(Feingold’s article appeared on Theatermania, 10/28.)

While we’ve been going through the most frazzling and divisive election in our history, I’ve found myself thinking, again and again, about the playwright whose works I love most and don’t see nearly often enough: George Bernard Shaw. As of November 2, he will have been dead 66 years, and productions of his work, which used to be fairly frequent in New York, have dwindled to a paucity.

David Staller’s Project Shaw, now a decade old, continues its trek through GBS’s collected works in monthly one-night readings. In full productions, off-Broadway’s Irish Rep and the Pearl Theater Company have kept Shaw on their rosters, most often recently in collaboration with Staller’s Gingold Theatrical Group. On Broadway, the Roundabout has intermittently done its bit for Shaw’s more familiar titles, most recently with Mrs. Warren’s Profession — unfortunately a misfire — in 2010.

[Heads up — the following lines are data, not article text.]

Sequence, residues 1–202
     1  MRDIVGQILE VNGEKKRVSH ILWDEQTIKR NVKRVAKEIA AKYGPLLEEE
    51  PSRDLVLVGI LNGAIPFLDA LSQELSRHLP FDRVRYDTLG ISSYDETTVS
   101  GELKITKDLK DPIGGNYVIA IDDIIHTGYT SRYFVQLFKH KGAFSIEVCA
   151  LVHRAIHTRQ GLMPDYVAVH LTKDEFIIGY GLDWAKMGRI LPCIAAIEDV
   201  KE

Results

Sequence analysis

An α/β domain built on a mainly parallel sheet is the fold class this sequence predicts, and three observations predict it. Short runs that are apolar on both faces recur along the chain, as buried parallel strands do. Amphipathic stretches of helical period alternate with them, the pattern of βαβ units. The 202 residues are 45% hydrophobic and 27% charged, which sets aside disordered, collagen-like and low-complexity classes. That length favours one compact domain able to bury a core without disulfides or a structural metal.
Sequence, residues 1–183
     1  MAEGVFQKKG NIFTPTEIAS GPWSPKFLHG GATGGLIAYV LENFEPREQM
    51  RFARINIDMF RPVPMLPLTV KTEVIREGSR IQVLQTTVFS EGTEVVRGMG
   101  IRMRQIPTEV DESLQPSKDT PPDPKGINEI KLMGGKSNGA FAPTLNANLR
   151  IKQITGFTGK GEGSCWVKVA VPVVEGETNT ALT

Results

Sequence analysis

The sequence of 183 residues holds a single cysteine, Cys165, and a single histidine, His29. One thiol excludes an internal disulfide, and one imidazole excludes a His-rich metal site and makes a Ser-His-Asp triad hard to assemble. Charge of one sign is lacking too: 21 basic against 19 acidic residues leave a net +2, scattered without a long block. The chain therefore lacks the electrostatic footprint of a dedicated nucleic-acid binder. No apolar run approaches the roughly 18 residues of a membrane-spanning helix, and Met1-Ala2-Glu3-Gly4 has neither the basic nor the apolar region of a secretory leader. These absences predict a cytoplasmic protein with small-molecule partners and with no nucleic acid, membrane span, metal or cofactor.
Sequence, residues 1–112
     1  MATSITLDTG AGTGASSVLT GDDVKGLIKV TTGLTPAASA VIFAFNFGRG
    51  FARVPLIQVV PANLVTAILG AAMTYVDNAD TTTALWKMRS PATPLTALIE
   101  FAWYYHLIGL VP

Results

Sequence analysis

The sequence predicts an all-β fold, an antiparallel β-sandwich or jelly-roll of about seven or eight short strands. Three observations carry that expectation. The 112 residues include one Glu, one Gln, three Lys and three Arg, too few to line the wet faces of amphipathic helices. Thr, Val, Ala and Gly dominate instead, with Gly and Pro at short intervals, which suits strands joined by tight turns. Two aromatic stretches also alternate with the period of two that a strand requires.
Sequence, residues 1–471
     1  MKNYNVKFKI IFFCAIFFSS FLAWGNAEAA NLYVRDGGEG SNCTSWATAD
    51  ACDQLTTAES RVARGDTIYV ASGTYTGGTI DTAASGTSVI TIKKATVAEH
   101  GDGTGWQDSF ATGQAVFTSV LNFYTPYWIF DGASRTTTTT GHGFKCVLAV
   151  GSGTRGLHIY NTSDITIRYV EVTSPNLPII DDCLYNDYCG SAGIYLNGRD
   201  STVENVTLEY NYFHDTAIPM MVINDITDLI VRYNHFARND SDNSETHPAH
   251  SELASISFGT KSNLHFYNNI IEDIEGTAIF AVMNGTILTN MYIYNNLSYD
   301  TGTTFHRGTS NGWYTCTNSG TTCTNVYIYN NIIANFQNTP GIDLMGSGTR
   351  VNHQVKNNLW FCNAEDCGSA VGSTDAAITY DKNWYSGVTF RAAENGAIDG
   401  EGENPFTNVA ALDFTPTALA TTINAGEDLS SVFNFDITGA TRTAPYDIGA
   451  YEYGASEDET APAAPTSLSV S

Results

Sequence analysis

That doesn’t add up to much. These days, I suspect that most New York theatergoers and theatermakers know Shaw, if at all, only as provider of the source material for My Fair Lady. To those of us who love him passionately, it hurts to imagine the man widely viewed as the second-greatest English-language playwright reduced to a musical-theater footnote — a bearded Irish equivalent of the Trapp Family Singers or Gypsy Rose Lee’s childhood.

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